“With Nigeria’s presidential elections just weeks away, it looks increasingly likely that the elections will go to a second round, in what would be the first runoff election since the restoration of democracy in 1999. This should be embraced as an exciting new phase in Nigeria’s democratic development. However, in the shadow of pernicious election violence, the prospect of an extended electoral period raises concerns about prolonged instability.

“Most of the presidential candidates signed a peace accord in September, yet election-related violence has escalated dramatically since that time, with more than 170 separate incidents reported across 34 states and in more than 100 local government areas (LGAs). January was the worst month for election violence so far, with at least 65 reported cases, including assaults on candidates, violent disruptions at campaign rallies, assassinations of party officials, attacks on Independent National Electoral Commission (INEC) facilities, and daytime shootouts between rival political thugs.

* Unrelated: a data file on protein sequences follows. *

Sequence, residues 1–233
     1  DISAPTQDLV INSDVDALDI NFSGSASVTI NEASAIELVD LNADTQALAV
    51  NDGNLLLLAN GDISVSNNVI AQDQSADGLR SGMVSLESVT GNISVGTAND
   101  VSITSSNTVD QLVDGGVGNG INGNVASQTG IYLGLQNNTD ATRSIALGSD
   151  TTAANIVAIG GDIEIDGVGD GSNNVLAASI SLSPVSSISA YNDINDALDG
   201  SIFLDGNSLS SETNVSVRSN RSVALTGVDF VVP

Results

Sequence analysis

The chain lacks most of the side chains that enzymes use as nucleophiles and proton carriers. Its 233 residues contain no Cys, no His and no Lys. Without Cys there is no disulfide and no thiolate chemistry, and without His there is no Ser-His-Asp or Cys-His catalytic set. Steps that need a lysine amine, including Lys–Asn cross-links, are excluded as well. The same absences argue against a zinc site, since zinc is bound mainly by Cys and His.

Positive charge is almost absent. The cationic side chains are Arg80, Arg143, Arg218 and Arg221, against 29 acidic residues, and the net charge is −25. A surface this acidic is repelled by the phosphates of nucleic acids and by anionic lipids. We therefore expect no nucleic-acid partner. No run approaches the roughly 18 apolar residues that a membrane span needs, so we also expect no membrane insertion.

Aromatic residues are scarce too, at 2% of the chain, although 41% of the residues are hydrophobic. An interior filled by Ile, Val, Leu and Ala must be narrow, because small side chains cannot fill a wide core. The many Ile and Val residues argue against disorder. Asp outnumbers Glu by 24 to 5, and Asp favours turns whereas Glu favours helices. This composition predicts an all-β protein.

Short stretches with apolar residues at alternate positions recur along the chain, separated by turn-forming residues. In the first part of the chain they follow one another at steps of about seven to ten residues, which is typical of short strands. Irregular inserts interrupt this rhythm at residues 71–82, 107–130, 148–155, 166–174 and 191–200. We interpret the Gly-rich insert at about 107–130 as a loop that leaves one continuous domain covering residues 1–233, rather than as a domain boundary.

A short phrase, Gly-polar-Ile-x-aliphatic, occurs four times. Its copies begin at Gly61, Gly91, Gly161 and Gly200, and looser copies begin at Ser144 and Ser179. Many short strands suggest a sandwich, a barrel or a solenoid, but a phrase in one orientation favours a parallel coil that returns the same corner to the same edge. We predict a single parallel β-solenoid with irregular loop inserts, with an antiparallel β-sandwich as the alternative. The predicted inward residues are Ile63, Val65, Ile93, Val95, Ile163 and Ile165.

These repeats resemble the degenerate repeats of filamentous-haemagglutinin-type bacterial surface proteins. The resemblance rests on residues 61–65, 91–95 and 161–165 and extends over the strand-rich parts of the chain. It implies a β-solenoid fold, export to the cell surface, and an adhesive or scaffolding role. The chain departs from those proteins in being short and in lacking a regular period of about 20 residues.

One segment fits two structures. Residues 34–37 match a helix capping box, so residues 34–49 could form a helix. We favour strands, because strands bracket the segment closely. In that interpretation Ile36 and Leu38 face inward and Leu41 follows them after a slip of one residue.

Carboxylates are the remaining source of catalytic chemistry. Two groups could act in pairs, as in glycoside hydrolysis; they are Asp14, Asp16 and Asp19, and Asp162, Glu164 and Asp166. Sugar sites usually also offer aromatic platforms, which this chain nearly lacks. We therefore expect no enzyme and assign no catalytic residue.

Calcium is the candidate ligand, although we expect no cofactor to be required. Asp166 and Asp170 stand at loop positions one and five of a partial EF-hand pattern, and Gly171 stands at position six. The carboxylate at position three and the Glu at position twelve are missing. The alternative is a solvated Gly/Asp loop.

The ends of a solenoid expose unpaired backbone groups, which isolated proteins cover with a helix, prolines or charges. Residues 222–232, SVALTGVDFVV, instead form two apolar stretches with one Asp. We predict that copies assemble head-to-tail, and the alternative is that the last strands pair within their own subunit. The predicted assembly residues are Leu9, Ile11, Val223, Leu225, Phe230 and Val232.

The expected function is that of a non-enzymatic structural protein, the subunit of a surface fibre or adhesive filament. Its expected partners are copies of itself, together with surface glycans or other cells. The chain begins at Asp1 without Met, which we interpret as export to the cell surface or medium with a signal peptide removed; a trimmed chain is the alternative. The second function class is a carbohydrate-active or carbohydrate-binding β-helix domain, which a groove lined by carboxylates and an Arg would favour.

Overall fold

“There has been little accountability for these incidents and it is hard to escape the conclusion that election violence is fueled by a sense of impunity. Organizations such as Yiaga Africa and Kimpact Development Initiative are monitoring election violence risks and trends in sophisticated ways so that Nigeria’s civil society can prevent and mitigate election violence at the community level. Although these efforts are valuable, a significant reduction in election violence will require changing the incentives contributing to it. 

To begin with, security forces must fully investigate incidents of election violence and arrest party officials, operatives and supporters who are involved in organizing and funding election violence at the local level. High-level statements by security force chiefs are helpful but do not go far enough. …”

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